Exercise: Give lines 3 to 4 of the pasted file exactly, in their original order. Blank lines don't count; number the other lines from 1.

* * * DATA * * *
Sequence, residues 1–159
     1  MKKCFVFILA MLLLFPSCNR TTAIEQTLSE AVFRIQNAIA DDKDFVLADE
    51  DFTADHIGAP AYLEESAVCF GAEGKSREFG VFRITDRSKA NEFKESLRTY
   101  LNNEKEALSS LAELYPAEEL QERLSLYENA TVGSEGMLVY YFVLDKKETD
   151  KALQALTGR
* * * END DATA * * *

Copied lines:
    51  DFTADHIGAP AYLEESAVCF GAEGKSREFG VFRITDRSKA NEFKESLRTY
   101  LNNEKEALSS LAELYPAEEL QERLSLYENA TVGSEGMLVY YFVLDKKETD